|HAVA - The Help
America Vote Act:
What Every Voter Should Know
Download this flyer (pdf)
What is HAVA?
The Help America Vote Act (HAVA)
was signed into law by President Bush
on October 29, 2002. HAVA is the most important piece of
since the Voting Rights Act of 1965. It seeks to increase voter
confidence in the election process and make voting more accessible to
How Does HAVA Affect Alabama
HAVA sets rules for the voting system. In general, the voting
What Will the Voter Find
- Permit the voter to check and correct the ballot in
before the ballot is cast and counted;
- Provide the voter with the opportunity to obtain
if the voter is unable to change the ballot or correct the error
- If the voter selects votes for more than one candidate
a single office:
- Let the voter know that more than one candidate was
selected for that office;
- Discuss with the voter the effect of casting
votes for the same office before the ballot is counted, and
- Provide the voter with the opportunity to correct
before the ballot is counted.
- Ensure privacy of the voter when advising
him or her of the error.
- Produce a permanent paper record of the vote including
- Be accessible for all individuals with disabilities,
accessibility for the blind and visually impaired, in a manner that
insures the same opportunity for access and participation, including
privacy and independence as for other voters.
- Provide language accessibility for voters whose
is not English in counties where the bilingual population is 5% or
- Define what a vote is and what will be counted as a
- HAVA requires the state to create a single
list that contains the name and registration information of every
legally registered voter in the State.
- If the voter believes that he or she is registered,
person's name does not appear on the voter list, then the voter must
provide written documentation proving that he or she is a registered
voter in that location and eligible to vote in that election. The
individual is then permitted to vote, and the ballot is counted when it
is proven that the individual is a registered voter and eligible to
vote in that election. This ballot is called a provisional
ballot. Election officials must notify a voter who cast a
provisional ballot whether it was counted, and if not, why not.
HAVA requires that specific information be posted at the polling place
on Election Day:
Requirements for Voters
Register by Mail
- a sample version of the ballot that will be used for
- information regarding the date of the election and the
hours during which polling places will be open;
- instructions on how to vote, including how to cast a
when there is a problem;
- instructions for voters who registered by mail and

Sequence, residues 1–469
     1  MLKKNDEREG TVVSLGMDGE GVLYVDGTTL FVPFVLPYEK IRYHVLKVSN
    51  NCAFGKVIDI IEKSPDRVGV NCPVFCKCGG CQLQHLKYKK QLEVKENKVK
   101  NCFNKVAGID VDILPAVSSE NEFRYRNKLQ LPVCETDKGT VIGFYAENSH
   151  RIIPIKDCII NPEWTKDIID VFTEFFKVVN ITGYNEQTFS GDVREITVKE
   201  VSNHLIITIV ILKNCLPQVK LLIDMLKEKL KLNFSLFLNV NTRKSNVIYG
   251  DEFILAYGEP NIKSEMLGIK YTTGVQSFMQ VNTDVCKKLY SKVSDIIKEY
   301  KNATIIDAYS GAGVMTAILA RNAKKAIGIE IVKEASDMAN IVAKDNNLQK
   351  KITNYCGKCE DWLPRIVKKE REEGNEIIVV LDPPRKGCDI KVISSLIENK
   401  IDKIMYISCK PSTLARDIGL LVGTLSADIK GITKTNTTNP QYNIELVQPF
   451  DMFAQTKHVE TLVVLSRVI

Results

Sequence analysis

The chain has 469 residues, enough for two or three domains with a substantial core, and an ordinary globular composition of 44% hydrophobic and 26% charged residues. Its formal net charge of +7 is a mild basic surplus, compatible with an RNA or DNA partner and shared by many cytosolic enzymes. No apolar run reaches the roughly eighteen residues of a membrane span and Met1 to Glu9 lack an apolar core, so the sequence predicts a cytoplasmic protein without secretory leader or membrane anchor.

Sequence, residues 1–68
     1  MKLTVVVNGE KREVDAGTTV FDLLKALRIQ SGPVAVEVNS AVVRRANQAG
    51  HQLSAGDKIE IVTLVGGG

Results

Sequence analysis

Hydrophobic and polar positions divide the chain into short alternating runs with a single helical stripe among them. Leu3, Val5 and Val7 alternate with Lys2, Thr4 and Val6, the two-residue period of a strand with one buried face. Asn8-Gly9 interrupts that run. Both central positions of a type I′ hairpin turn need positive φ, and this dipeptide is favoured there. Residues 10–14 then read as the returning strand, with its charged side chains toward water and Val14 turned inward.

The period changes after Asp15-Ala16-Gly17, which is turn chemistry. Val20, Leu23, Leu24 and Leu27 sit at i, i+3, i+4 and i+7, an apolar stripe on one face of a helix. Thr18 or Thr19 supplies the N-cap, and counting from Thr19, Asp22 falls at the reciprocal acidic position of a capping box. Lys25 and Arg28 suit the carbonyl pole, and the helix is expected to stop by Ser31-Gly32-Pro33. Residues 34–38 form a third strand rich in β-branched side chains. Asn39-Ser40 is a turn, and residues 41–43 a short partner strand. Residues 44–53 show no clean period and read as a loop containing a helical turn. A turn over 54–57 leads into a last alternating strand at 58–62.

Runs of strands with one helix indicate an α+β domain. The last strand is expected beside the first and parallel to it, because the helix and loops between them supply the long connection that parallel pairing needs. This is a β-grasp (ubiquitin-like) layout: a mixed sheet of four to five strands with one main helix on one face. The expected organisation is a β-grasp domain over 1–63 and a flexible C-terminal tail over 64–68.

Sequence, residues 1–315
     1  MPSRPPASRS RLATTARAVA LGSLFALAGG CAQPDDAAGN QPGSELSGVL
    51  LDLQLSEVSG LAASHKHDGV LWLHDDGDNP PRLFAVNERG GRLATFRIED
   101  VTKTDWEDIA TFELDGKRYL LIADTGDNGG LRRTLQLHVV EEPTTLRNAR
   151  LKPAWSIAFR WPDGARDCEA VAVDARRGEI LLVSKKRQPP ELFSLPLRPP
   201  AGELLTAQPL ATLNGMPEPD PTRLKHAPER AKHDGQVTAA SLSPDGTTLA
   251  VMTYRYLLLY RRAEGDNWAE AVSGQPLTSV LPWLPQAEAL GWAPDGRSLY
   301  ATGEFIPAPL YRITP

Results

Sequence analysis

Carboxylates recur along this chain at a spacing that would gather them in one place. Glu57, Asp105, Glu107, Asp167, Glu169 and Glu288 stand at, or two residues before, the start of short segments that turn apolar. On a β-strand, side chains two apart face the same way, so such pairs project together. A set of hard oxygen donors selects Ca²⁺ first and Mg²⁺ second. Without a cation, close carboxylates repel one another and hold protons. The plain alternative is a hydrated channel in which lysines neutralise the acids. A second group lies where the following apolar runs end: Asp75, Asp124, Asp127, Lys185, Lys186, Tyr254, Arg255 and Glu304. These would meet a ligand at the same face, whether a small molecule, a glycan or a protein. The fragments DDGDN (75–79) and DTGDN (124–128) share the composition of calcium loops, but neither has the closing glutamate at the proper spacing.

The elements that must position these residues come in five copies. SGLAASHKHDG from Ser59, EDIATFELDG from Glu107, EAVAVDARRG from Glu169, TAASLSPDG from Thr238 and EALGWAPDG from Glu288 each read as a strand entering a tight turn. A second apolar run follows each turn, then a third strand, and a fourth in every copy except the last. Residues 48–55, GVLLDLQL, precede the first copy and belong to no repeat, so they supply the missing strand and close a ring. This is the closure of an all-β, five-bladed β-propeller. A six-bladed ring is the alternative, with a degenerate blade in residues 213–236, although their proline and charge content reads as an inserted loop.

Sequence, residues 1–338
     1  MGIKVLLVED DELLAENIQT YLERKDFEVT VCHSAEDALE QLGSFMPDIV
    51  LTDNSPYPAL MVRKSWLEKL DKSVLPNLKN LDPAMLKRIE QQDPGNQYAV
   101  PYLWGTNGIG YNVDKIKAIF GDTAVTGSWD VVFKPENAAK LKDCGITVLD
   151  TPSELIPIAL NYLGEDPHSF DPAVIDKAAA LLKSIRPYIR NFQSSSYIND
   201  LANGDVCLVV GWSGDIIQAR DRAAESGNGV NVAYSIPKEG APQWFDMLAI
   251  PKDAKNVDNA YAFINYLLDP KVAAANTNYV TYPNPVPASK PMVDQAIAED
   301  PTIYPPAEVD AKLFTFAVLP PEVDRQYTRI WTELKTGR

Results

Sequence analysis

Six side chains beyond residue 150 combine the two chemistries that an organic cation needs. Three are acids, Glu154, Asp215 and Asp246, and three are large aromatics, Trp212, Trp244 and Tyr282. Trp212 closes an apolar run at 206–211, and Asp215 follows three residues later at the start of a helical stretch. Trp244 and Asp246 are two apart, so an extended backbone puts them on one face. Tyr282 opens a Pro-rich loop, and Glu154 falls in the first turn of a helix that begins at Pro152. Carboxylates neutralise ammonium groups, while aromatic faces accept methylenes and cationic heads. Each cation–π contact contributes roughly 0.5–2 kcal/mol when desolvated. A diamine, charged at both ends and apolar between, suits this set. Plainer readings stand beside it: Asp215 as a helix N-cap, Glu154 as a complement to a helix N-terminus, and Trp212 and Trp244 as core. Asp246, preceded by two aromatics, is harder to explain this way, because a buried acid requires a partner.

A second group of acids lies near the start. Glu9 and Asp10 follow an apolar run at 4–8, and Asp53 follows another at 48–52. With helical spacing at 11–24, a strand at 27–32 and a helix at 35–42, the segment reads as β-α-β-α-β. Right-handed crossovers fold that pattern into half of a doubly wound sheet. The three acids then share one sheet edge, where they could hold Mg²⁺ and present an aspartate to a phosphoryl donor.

- general information on voting rights based on federal
laws, including information on the right of an individual to cast a
provisional ballot and how to contact appropriate individuals if these
rights have been violated; and
- information on federal and state laws regarding acts
voting fraud and misrepresentation.
- HAVA requires that any individual who votes after the
vote a provisional ballot that will be counted as their status as a
registered voter is proven.
HAVA requires an individual who registers by mail and who has never
voted in the state before to provide specific identification before
being permitted to vote.*
An exception can be made where a driver's license number or
digits of a social security number given by the voter matches
information in the driver's license database of the Alabama Department
of Public Safety. Voters who do not present ID must be permitted
to cast a ballot (but whether the vote will count is determined by the
provisional ballot system). If a first-time voter casts a vote by
mail, he or she must submit a copy of one of the documents with the
- Acceptable identification includes: current and
photo identification or a current utility bill, bank statement,
government check, paycheck or other government document that
shows the name and address of the voter.
- NOTE: Alabama law requires that the voter
valid identification every time before being permitted to vote. This
law also requires an absentee voter to mail a copy of valid ID
with the ballot (or present valid ID if returning the ballot in person)
in order for the vote to
information was first published by the LWVAL Education Fund in May,
2004. The mission of the League of Women Voters Education Fund is to
funding for projects designed to inform and educate citizens of Alabama
on issues of government and public policy in order to facilitate their
active and informed participation in government.
Download the flyer (pdf).